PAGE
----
Keeping the sprinkler system in good working order is clearly an important part of having an effective fire safety system. To do so, facility managers need to understand that while testing is important, so are documentation and exploring root causes of potential issues.
One area where both of these concerns come into play is the water supply to the sprinkler system, says Chris Jelenewicz, program manager, Society of Fire Protection Engineers. The water supply is critical, but could be overlooked as part of a regular maintenance routine.
"If you are not getting the proper amount of water at the proper pressure, your sprinkler system is not going to work the way it is supposed to," he says.
To test the water supply, conduct a main drain test. To do so, first check the water pressure of the supply to the alarm pipe. Then, open the main drain and wait for the water to clear. When the pressure reading stabilizes, make a note of it. In future tests, compare the pressure reading after the drain is clear to previous results; what you're looking for is to see if there's a substantial dropoff in pressure.
If so, you've got a problem somewhere, says Jelenewicz, who provides one example he's seen as being an issue with a partially shut valve in the underground supply.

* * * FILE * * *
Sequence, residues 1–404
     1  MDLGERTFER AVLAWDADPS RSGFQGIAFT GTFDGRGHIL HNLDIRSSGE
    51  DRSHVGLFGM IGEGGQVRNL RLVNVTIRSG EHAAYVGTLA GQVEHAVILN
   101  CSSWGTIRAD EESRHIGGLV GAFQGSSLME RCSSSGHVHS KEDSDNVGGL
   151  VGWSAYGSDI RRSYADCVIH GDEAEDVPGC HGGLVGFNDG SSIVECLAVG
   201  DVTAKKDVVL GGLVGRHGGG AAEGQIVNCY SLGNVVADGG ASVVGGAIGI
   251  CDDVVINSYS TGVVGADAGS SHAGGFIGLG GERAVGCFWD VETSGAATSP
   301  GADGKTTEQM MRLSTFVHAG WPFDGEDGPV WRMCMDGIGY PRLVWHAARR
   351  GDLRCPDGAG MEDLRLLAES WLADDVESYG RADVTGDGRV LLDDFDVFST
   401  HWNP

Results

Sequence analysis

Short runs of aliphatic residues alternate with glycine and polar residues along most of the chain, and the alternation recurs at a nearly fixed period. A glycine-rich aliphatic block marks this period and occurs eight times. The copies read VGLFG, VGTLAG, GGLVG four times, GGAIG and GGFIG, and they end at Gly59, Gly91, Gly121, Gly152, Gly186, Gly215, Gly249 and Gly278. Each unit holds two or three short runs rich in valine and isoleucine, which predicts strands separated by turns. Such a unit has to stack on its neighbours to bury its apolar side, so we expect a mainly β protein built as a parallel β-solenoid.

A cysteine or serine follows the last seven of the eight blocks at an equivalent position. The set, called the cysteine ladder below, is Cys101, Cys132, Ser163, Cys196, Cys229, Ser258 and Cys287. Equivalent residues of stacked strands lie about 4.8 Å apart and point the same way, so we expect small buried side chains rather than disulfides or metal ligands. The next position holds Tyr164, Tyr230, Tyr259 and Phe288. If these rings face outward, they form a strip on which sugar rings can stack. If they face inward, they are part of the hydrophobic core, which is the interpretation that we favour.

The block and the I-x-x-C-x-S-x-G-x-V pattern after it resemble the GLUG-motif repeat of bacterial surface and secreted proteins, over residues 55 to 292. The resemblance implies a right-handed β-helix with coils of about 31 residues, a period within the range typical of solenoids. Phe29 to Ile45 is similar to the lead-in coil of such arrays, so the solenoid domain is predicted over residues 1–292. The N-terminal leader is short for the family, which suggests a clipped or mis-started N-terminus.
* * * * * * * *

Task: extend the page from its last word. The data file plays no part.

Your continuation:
"People were still able to have enough water pressure in the building to flush toilets and things like that; however, it was closed just enough that you could see a difference in the main drain test, and it would not be enough for the sprinkler system to provide what it needed to provide in a fire," he says.
If it's not a supply problem, then it's most likely a pipe problem, Jelenewicz says. Corrosion can be an issue as well; while it may not prevent the system from filling slowly, it could very well interfere when the system needs a lot of water pushed through at very high pressures.
As for the sprinkler infrastructure itself, while you may not have to be tinkering with individual heads on a regular basis, that doesn't mean you can just ignore them after they're installed, Jelenewicz says. After all, sometimes they can get bent, painted over or clogged due to construction or renovation projects.
"The one thing you do need to do is have a visual inspection," he says. "It's as simple as just looking at everything, and making sure that nothing has changed in the building — I've seen cases where somebody's come in to a lab building and put in a drop ceiling where it didn't have one before, so the sprinklers were mounted in the ceiling."
There's one other critical element to sprinkler maintenance. Regardless of what tests you run or how often you run them — see NFPA 13 for guidance — you need to keep a record of those tests and their results, especially if something happens that causes the lawyers to come calling.
"Never underestimate the importance of documenting things and saying 'hey, we tested this on this day, and this is what we saw,' says Jelenewicz.
"Have a follow-up procedure so that when you find things that are wrong, make sure that it's not just a mark on a test sheet somewhere saying 'we need to test this.'"